Nominated for: encouraging Toronto to have necessary conversations about race and policing.
Torontoist is reflecting on 2016 by naming our Heroes and Villains—the people, places, things, and ideas that have had the most positive and negative impacts on the city over the past 12 months. Cast your ballot until 11:59 p.m. on January 5. At noon on January 6, we’ll reveal your choices for Toronto’s Superhero and Supervillain of the year.
In 2016, Black Lives Matter Toronto provided a platform for racialized residents to amplify their voices, and encouraged Torontonians to reflect on race and policing.
This is no small feat.
Too often, Toronto is afraid of difficult discussions. The arguments, insights, or outcomes from these issues might be inconvenient, and we can’t have that. In our Orange Order and Toronto the Good sensibility—still a very real undercurrent after all these years—a discourse that uses protest as a core tool is simply impolite, and should be avoided.
Through their ongoing actions, Black Lives Matter Toronto has shown that protest still plays a vital role in shaping our city. Their ongoing vigilance has provided an important corrective to policing practices which too often go overlooked or are begrudgingly accepted as just the way things are done. Black Lives Matter Toronto has dared to speak up and demand better, and for that they should be commended.
When Kathleen Wynne meets with Black Lives Matter, or Pride Toronto signs a list of demands after the group halted the parade, critics come out in full force against the group. The argument goes that they hi-jack the discourse, or didn’t pick the right moment. If only, the argument continues, they would be more considerate of others, or would learn to protest the right way, or grew less focused on their own narrow concerns.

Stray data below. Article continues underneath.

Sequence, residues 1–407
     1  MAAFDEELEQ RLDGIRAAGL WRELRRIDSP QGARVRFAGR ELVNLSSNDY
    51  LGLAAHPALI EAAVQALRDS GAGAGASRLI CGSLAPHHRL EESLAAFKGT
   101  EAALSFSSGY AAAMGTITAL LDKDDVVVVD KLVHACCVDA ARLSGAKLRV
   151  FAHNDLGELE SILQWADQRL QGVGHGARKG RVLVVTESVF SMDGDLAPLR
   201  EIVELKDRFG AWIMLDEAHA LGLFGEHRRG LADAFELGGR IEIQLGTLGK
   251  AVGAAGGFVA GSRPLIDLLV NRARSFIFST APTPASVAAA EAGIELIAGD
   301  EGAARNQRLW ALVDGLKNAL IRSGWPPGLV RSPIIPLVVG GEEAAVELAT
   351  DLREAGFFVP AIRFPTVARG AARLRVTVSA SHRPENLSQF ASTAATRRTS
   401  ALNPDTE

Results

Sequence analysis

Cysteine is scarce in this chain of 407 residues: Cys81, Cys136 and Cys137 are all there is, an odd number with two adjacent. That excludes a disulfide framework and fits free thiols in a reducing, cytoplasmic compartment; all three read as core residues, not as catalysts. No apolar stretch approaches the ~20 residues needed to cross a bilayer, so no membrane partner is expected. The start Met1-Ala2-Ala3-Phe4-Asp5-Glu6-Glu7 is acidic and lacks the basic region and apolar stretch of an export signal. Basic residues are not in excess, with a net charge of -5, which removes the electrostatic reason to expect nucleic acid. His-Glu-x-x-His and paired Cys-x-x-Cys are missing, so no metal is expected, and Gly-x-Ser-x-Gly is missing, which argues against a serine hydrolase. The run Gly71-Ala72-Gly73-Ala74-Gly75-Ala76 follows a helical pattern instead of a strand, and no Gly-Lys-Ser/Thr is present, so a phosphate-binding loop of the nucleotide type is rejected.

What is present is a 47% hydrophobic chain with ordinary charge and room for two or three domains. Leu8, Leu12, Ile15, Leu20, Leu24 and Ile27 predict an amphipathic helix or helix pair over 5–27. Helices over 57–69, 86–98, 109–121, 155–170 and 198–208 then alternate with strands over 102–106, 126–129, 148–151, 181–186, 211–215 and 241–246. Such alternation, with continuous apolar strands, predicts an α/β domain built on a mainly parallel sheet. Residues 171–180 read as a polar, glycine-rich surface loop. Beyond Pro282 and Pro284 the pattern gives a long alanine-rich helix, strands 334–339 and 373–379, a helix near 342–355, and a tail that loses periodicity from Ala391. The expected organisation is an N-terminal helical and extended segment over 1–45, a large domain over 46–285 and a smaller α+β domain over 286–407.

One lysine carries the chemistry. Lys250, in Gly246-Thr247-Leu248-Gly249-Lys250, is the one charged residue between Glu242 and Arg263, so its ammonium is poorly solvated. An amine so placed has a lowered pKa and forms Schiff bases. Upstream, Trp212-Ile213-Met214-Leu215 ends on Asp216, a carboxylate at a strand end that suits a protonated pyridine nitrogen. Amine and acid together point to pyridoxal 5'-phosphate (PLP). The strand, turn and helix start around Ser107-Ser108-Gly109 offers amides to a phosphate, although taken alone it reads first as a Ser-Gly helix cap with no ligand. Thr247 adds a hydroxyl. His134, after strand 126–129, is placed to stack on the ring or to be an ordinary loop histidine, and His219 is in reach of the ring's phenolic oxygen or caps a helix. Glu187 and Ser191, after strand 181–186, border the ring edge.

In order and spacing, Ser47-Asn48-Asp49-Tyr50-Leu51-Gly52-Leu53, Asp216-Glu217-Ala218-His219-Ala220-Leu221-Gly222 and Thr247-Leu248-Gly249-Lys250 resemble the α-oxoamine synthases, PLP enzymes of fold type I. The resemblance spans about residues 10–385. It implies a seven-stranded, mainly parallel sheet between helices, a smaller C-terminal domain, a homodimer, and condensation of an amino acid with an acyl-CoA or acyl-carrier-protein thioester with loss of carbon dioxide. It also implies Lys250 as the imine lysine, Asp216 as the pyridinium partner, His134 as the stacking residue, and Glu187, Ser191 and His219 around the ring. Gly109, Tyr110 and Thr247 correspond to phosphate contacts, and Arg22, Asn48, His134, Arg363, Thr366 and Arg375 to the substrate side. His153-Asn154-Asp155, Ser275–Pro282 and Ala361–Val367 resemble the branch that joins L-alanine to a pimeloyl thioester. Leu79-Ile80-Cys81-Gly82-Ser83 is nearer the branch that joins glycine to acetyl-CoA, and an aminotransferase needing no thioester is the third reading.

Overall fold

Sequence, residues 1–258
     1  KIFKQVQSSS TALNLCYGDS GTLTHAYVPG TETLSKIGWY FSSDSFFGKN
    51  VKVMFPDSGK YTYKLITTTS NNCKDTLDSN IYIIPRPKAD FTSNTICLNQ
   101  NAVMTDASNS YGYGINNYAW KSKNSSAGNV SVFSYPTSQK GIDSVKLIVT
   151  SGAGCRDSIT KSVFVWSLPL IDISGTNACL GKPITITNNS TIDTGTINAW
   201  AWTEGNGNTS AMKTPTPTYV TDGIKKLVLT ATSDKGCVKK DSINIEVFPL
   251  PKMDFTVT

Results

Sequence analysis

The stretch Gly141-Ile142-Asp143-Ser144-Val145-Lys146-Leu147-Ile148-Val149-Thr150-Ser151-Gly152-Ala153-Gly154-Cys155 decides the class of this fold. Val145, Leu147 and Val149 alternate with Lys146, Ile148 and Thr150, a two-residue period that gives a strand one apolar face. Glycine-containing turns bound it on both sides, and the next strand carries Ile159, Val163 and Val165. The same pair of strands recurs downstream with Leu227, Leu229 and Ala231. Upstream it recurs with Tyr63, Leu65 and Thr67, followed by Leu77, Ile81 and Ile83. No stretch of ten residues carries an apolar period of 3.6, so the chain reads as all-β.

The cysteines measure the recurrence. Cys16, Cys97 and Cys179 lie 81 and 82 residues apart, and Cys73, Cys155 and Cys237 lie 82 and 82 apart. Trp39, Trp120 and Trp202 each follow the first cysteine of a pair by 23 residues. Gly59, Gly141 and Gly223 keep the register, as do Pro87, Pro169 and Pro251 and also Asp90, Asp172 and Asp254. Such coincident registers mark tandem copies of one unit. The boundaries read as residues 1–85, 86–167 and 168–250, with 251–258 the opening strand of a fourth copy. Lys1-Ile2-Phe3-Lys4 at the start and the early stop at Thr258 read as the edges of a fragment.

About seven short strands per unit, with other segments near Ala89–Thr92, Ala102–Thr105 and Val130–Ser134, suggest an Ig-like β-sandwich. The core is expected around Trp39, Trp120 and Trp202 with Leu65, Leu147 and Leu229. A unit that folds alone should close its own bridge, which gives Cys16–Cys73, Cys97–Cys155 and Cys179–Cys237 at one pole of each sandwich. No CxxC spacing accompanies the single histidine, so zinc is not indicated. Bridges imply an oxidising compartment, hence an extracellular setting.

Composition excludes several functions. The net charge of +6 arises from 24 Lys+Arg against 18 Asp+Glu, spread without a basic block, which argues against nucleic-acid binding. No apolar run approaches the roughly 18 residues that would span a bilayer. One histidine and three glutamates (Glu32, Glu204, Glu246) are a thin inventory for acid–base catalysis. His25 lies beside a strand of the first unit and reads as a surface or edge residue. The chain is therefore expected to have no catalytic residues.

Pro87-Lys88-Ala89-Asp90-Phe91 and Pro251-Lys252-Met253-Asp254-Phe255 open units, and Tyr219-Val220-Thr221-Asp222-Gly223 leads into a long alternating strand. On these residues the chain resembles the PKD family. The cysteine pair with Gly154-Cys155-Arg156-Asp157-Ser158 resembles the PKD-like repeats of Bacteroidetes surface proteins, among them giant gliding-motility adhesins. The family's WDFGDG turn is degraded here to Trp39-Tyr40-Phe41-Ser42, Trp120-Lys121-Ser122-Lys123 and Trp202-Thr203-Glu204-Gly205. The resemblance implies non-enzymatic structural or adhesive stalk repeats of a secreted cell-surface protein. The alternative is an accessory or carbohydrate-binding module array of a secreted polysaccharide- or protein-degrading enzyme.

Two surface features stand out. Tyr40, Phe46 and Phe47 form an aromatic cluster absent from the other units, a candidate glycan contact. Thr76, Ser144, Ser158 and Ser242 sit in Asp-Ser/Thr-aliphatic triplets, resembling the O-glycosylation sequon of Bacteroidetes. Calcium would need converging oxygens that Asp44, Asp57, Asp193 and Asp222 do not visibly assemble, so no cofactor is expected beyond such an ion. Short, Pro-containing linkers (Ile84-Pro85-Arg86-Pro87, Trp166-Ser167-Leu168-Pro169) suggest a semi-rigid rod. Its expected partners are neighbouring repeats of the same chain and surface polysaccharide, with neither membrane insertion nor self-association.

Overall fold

This misses the issues raised by Black Lives Matter Toronto, and the urgency with which they are felt by so many citizens. Questions about the Special Investigations Unit, the group that oversees police conduct, are crucial to accountability, and should concern all Torontonians. Questions about Andrew Loku’s unfortunate death—he was shot by a police officer in 2015—deserve answers. These concerns are not new—look back over 25 years ago to the death of Lester Donaldson—but the problems are still acute.
At its best, Black Lives Matter doesn’t hold Toronto institutions hostage, but holds them to the higher principles to which they should strive. The latter may be inconvenient at times, but they’re values worth fighting for.